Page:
Insurance companies could suffer a “huge hit” if their investments in fossil fuel companies are rendered worthless by action on climate change, the Bank of England warned on Tuesday.
“One live risk right now is of insurers investing in assets that could be left ‘stranded’ by policy changes which limit the use of fossil fuels,” said Paul Fisher, deputy head of the bank’s prudential regulation authority (PRA) that supervises banks and insurers and is tasked with avoiding systemic risks to the economy.
“As the world increasingly limits carbon emissions, and moves to alternative energy sources, investments in fossil fuels – a growing financial market in recent decades – may take a huge hit,” Fisher told an insurance conference. He said there “are already a few specific examples of this having happened”, but did not name them, and added that it was clear his concerns had yet to “permeate” the sector.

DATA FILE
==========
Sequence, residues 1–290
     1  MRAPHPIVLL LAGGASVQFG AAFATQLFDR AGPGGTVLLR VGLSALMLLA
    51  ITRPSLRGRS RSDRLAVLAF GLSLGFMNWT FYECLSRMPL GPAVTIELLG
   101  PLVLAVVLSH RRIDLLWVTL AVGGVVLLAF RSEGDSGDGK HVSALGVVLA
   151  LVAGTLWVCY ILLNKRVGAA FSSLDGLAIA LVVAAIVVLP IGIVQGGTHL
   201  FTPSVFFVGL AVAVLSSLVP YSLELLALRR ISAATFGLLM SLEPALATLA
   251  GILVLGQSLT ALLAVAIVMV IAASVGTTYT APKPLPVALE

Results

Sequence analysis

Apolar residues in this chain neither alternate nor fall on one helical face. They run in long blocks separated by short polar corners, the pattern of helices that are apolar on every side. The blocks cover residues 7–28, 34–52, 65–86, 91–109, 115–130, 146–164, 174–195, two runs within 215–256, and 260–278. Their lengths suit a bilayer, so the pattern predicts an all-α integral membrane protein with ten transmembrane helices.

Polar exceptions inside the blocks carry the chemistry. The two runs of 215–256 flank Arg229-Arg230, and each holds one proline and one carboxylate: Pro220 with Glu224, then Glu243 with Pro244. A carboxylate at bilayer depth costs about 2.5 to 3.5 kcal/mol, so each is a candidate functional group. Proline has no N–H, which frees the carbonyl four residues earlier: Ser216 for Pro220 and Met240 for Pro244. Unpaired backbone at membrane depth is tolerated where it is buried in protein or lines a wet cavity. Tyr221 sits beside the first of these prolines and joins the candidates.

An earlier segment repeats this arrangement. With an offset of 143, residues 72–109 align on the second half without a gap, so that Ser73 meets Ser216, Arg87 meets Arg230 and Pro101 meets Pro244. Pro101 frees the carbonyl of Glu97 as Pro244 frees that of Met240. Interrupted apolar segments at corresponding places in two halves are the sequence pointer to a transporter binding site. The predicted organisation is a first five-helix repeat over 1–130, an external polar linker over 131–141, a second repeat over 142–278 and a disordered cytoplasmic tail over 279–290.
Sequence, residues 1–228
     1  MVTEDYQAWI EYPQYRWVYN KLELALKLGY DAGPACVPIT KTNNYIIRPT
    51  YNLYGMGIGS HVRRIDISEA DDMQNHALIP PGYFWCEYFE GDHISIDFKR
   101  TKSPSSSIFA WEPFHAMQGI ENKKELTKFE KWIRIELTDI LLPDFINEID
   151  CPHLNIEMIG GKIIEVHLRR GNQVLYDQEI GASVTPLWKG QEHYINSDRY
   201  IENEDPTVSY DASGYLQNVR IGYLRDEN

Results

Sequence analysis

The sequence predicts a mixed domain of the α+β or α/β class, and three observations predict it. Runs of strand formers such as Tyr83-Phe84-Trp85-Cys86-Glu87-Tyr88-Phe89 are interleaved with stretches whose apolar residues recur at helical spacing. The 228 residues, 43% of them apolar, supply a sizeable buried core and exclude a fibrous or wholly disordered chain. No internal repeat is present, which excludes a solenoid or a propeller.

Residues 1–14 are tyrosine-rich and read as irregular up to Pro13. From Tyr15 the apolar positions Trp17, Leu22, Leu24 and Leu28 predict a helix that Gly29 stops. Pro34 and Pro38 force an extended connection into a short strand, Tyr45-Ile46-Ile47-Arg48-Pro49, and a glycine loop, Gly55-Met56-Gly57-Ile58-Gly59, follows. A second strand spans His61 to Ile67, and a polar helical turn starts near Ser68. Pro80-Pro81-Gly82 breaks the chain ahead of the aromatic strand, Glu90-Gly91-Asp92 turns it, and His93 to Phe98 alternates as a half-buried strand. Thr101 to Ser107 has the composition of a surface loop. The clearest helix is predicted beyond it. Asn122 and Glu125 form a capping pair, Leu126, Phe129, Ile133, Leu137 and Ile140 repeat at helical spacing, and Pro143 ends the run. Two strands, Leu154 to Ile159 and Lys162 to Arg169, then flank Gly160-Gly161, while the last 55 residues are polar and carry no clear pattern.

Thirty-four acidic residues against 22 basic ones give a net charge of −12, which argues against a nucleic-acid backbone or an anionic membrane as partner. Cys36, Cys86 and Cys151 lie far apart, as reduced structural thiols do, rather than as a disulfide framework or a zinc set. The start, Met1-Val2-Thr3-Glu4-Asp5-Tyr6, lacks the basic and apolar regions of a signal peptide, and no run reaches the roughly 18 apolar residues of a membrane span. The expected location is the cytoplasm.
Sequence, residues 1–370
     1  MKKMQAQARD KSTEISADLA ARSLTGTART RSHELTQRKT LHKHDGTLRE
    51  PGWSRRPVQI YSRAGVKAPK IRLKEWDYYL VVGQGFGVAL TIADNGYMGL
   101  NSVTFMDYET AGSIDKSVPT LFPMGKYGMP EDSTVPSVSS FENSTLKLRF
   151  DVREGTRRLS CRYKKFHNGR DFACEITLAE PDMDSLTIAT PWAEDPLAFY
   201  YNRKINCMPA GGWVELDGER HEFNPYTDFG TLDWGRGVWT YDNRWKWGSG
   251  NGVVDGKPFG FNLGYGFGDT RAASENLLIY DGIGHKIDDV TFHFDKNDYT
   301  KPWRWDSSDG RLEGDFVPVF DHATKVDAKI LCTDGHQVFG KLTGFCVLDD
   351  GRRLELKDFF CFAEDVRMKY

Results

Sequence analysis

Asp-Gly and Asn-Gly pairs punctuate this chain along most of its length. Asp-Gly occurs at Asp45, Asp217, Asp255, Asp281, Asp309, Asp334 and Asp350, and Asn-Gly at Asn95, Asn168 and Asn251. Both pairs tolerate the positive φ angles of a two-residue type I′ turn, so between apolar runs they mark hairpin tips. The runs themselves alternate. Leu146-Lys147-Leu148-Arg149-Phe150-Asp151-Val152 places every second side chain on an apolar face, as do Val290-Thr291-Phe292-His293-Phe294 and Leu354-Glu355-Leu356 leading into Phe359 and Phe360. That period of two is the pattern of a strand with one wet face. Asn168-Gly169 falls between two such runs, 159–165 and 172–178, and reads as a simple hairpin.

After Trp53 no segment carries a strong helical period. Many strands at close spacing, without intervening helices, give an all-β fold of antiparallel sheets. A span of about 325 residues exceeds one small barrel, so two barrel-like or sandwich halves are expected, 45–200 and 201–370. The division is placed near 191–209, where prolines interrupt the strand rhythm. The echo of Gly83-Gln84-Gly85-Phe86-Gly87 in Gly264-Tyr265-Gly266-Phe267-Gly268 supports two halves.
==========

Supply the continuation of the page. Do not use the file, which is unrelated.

The new warning from one of the world’s key central banks follows a caution from its head Mark Carney that the “vast majority of [fossil fuel] reserves are unburnable” if climate change is to be limited to 2C, as pledged by the world’s governments. The bank will deliver a report to government on the financial risk posed by a “carbon bubble” later in 2015.
via The Guardian
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